ARF usually occurs in childhood through to early adult years. Children aged 5–14 years have the highest rates of ARF and RHD diagnosis. Delivery of intramuscular injections of preventative antibiotics every 28 days is challenging for health services, patients and their families, particularly those living in remote communities. In 2017, 36% of Indigenous Australians (living in Queensland, Western Australia, South Australia and Northern Territory) received at least 80% of prescribed antibiotic doses, ranging from 63% in South Australia to 23% in Queensland (AIHW 2019g).
RHD can be prevented through regular, long-term preventative antibiotic treatment after the first known ARF episode occurs. Management of RHD is complex and includes treating symptoms and preventing worsening of disease, with the coordination of multiple services including primary health care, oral health care, specialist medical care, and cardiothoracic and interventional cardiology services (RHD Australia 2012).
In 2017, there were 4,259 living RHD cases recorded in Australia, 65% of whom were female (AIHW 2019g). Seventy-two percent of all new 1,261 RHD diagnoses made in 2013-2017 were among Indigenous Australians aged less than 45 years old.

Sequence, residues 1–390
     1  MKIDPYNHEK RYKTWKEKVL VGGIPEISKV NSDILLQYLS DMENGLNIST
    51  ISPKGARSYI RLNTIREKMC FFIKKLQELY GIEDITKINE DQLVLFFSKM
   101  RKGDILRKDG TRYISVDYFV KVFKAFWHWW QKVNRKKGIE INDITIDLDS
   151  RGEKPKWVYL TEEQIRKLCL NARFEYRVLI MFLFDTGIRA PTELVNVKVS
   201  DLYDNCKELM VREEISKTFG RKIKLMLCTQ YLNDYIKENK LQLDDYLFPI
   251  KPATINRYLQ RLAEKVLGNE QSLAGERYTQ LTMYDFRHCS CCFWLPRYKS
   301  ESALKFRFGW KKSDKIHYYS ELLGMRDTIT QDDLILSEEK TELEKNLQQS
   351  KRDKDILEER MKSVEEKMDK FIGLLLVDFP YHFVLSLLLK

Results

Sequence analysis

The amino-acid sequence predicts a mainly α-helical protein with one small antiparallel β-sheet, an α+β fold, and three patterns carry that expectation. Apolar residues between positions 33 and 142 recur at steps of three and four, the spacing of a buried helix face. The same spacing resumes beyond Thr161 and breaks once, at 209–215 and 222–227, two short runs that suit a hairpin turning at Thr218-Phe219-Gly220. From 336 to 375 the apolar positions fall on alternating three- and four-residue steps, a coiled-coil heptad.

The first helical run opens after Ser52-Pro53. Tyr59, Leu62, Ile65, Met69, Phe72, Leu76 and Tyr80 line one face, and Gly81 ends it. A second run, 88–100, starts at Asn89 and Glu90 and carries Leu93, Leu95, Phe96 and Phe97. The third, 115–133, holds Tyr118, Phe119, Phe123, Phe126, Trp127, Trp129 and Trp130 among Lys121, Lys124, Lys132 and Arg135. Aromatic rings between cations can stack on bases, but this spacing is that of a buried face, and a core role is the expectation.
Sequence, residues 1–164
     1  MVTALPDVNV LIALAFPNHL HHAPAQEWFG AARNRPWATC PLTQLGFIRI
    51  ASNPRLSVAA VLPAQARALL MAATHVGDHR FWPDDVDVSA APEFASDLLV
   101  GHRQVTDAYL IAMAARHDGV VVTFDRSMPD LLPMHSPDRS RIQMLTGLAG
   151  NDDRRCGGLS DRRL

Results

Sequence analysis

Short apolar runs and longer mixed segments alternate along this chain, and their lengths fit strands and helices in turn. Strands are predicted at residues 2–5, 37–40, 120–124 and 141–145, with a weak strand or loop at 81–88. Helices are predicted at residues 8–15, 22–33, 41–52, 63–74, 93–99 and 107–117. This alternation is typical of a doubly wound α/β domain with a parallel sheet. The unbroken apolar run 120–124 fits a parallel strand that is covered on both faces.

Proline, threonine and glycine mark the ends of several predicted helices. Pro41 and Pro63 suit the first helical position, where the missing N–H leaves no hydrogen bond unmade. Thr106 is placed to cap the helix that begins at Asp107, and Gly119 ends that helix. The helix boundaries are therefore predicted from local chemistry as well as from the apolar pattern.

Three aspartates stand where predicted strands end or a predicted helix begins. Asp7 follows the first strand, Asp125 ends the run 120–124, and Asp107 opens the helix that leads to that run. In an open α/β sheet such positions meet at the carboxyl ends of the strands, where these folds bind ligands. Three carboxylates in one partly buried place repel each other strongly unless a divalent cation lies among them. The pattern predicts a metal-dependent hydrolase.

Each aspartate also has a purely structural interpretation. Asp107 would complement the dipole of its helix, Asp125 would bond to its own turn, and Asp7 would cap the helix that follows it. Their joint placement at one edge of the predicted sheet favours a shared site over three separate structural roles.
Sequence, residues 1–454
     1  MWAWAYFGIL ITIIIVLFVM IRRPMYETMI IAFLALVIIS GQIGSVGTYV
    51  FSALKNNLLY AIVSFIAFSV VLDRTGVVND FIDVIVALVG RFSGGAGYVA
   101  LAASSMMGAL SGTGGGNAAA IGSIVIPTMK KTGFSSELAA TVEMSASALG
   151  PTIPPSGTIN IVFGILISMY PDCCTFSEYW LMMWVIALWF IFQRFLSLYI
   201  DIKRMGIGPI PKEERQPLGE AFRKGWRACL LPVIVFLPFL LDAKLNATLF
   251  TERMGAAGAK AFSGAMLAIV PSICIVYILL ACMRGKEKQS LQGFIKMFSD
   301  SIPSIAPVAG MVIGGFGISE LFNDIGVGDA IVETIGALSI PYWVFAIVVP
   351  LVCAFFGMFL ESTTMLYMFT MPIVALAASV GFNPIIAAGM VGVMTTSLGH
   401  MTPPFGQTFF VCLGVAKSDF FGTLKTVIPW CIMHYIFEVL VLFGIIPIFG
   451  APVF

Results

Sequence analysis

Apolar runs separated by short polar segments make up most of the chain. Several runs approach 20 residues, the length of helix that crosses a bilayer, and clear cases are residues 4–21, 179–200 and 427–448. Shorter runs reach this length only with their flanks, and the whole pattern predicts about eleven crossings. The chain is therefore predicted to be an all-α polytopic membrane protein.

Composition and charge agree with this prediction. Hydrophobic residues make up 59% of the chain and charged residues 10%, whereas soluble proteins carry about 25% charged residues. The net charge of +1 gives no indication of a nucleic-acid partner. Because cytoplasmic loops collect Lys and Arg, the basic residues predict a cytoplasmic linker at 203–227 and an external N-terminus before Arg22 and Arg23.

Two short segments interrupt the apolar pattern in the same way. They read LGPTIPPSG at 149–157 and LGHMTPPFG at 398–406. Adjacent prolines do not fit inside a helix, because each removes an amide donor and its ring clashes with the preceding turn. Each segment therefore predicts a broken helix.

In the current PPH specification, Nutritional deficiencies include conditions resulting from protein energy malnutrition (kwashiorkor, marasmus, marasmic-kwashiorkor and unspecified severe protein-energy malnutrition) and prolonged, severe Vitamin D deficiency (rickets). All the conditions listed under Nutritional deficiencies indicator occur in children, except unspecified severe protein-energy malnutrition, which is most common in the elderly.
Nutritional deficiencies can result from a number of causes including insufficient diet and sunlight exposure, disorders of the digestive tract, social isolation, and other factors such as medication use and age, that interfere with absorption and transport of nutrients in the body.
Screening of people at risk of undernutrition in the primary care setting allows early identification and management, which is important to avoid irreversible health complications. Undernutrition can be managed through lifestyle and dietary support or modifications, and the identification of any underlying disorders (Flanagan et al. 2012).